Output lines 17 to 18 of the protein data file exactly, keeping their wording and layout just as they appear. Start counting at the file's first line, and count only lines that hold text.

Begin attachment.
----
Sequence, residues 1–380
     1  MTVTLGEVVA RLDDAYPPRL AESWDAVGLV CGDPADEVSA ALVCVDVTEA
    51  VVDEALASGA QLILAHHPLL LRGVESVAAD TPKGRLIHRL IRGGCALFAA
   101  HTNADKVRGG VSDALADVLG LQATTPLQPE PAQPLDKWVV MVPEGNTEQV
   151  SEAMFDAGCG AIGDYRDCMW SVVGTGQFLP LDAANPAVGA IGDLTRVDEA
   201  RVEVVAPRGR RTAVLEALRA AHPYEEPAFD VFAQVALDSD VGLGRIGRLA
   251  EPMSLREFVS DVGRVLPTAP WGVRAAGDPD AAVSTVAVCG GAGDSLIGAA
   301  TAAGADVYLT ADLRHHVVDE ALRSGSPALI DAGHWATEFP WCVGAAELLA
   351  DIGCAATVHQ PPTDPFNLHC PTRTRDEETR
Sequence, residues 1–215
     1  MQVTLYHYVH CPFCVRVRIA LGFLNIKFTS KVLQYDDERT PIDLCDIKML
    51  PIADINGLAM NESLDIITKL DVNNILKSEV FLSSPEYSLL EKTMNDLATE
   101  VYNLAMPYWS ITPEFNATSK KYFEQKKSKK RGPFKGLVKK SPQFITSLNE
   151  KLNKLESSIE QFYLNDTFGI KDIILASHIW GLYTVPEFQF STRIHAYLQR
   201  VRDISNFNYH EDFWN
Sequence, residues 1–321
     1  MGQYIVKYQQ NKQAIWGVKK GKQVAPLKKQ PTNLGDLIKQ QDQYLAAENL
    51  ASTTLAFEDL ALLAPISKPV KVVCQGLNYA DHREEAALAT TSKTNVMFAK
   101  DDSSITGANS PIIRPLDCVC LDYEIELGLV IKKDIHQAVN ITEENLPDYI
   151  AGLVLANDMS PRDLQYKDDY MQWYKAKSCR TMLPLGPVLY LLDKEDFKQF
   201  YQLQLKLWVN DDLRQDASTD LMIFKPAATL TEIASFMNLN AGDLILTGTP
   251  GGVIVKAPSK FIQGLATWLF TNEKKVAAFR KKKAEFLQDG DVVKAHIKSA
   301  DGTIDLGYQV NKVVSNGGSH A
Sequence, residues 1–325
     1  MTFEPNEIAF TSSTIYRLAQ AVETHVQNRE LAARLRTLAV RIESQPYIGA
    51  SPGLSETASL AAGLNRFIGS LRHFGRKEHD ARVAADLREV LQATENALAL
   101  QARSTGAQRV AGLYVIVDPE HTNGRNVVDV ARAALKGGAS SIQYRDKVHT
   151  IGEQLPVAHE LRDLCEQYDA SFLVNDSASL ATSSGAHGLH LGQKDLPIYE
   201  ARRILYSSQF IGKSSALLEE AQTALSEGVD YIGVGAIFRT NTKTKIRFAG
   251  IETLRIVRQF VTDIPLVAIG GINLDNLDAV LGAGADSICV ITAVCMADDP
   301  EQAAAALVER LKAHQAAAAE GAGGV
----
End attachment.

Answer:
     1  MGQYIVKYQQ NKQAIWGVKK GKQVAPLKKQ PTNLGDLIKQ QDQYLAAENL
    51  ASTTLAFEDL ALLAPISKPV KVVCQGLNYA DHREEAALAT TSKTNVMFAK